“They show up wearing the kaffiyeh and shouting, and they just want to say Israel is bad, war crimes, apartheid, that is all. But that doesn’t make you pro-Palestine,” the brave Palestinian journalist and Jerusalem Post correspondent Khaled Abu Toameh told me. “That doesn’t make you pro-peace. Instead of organizing Israel Apartheid Week, they should be helping with human rights under Hamas, women’s rights under Hamas. A free press.”
Toameh savours the richly bitter ironies that abound in what passes for “progressive” global activism in aid of the Palestinian cause, but is in fact in aid of Hamas. “They should bang on the table with the Palestinians instead. Produce a free media. No more incitement on Palestinian television. But they are funding the same propaganda machine that is indirectly calling for their death.”
To Sara Miller, a senior editor with Ha’aretz, Israel’s small but highly influential centre-left daily newspaper, there’s something unmistakeably sinister about the hysterical antipathy towards Israel that has become so prevalent in Europe and North America in recent years. “Something is seriously wrong. I never thought of myself as one of those Jews who would cry anti-Semitism about things like this,” she told me, “but a phenomenon crops up every 40 or 50 years. What other word is there?”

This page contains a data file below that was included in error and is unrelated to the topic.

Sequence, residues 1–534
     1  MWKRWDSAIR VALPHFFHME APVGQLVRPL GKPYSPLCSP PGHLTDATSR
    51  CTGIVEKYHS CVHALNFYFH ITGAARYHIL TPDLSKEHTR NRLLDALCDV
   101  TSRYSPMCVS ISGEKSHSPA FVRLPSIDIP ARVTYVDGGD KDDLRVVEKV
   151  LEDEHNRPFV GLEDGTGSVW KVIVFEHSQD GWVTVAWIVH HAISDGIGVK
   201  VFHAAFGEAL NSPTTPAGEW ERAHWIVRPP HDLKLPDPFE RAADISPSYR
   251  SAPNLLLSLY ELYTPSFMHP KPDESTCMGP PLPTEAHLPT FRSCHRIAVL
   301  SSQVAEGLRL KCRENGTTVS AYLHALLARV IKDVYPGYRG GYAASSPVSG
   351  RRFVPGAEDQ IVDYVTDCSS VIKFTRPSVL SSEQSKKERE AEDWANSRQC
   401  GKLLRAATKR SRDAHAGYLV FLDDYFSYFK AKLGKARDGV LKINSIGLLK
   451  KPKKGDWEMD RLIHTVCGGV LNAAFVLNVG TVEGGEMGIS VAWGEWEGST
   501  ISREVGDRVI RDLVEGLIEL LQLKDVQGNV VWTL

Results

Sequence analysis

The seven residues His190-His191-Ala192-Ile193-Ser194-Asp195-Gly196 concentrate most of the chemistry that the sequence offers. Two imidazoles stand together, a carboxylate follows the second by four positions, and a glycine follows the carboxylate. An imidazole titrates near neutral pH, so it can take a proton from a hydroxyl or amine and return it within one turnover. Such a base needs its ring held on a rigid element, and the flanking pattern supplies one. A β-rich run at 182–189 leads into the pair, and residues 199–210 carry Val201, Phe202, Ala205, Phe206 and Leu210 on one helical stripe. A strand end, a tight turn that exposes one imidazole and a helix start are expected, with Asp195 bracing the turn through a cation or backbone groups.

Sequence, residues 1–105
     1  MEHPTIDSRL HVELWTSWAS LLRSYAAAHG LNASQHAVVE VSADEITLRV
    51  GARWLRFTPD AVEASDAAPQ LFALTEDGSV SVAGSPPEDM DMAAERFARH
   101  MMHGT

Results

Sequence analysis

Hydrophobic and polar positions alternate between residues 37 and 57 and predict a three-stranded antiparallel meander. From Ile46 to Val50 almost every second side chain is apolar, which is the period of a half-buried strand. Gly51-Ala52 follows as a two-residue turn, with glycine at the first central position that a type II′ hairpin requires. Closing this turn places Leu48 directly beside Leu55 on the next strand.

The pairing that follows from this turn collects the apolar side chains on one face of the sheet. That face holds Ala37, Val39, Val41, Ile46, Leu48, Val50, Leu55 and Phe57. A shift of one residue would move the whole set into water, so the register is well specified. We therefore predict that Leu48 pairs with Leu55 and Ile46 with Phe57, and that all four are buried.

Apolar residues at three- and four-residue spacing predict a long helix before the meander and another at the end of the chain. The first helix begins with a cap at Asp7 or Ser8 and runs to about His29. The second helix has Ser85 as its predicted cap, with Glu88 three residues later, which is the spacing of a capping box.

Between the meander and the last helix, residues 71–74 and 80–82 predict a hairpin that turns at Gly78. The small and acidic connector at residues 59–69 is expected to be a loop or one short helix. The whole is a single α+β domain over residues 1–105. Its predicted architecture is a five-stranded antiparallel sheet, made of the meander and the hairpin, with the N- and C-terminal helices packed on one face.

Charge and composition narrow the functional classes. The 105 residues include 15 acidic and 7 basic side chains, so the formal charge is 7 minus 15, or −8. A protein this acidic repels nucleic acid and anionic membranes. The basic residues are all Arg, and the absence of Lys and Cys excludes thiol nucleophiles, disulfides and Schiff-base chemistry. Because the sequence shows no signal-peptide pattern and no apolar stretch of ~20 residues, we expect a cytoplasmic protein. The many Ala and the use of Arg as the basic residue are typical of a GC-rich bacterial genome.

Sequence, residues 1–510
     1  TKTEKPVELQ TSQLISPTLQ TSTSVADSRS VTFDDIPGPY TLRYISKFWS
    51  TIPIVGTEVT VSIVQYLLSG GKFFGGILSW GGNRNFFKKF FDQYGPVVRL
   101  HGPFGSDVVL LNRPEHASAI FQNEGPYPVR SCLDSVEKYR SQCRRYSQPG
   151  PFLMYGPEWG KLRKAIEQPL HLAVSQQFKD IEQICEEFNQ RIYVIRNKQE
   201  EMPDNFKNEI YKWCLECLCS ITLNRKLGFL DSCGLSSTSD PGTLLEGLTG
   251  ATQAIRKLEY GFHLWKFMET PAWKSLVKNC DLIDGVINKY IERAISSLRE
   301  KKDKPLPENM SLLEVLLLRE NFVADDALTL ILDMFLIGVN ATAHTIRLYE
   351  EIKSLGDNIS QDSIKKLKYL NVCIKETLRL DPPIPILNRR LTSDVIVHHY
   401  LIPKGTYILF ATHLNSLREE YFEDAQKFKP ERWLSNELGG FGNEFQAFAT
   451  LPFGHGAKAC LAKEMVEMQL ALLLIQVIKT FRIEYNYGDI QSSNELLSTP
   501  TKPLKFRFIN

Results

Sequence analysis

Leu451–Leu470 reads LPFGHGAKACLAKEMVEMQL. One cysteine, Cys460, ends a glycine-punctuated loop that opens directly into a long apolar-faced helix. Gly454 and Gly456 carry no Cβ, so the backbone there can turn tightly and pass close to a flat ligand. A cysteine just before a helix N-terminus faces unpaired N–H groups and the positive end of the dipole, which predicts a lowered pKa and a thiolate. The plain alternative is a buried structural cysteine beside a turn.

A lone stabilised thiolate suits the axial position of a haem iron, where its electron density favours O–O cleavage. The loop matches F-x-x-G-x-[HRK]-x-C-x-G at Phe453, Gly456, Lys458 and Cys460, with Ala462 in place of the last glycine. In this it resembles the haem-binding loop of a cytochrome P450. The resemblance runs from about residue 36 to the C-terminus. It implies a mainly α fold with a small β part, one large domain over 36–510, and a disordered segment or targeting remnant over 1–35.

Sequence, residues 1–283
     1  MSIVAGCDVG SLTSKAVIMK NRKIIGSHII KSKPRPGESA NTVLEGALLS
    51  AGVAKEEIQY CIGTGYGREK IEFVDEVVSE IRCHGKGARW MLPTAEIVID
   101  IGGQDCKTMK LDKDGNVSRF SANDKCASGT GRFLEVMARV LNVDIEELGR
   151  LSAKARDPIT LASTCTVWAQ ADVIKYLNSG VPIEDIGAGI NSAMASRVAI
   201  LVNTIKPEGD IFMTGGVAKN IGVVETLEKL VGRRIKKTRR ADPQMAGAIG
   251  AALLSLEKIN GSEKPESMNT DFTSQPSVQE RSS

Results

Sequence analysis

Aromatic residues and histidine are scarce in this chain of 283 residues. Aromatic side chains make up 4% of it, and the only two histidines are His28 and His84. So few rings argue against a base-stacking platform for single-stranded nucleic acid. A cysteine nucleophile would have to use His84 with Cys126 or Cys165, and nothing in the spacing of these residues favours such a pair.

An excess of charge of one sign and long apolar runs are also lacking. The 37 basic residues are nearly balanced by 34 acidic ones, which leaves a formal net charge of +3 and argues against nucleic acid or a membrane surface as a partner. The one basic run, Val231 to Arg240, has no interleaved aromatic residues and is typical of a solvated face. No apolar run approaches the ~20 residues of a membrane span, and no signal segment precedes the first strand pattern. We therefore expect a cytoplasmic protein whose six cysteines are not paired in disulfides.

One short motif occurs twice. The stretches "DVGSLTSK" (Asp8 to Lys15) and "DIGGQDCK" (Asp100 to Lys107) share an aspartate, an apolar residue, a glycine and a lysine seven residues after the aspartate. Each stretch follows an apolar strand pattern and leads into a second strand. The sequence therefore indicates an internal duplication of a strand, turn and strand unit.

Three weeks after we spoke, it was all but impossible to pick up a newspaper anywhere in Europe or North America that did not describe the debacle aboard the Mavi Marmara as anything less than a bloody assault launched by the Israeli Defence Forces in order to prevent peace activists from delivering much-needed humanitarian supplies to the desperately oppressed people of the besieged Gaza Strip, whose sufferings are solely the fault of Israel.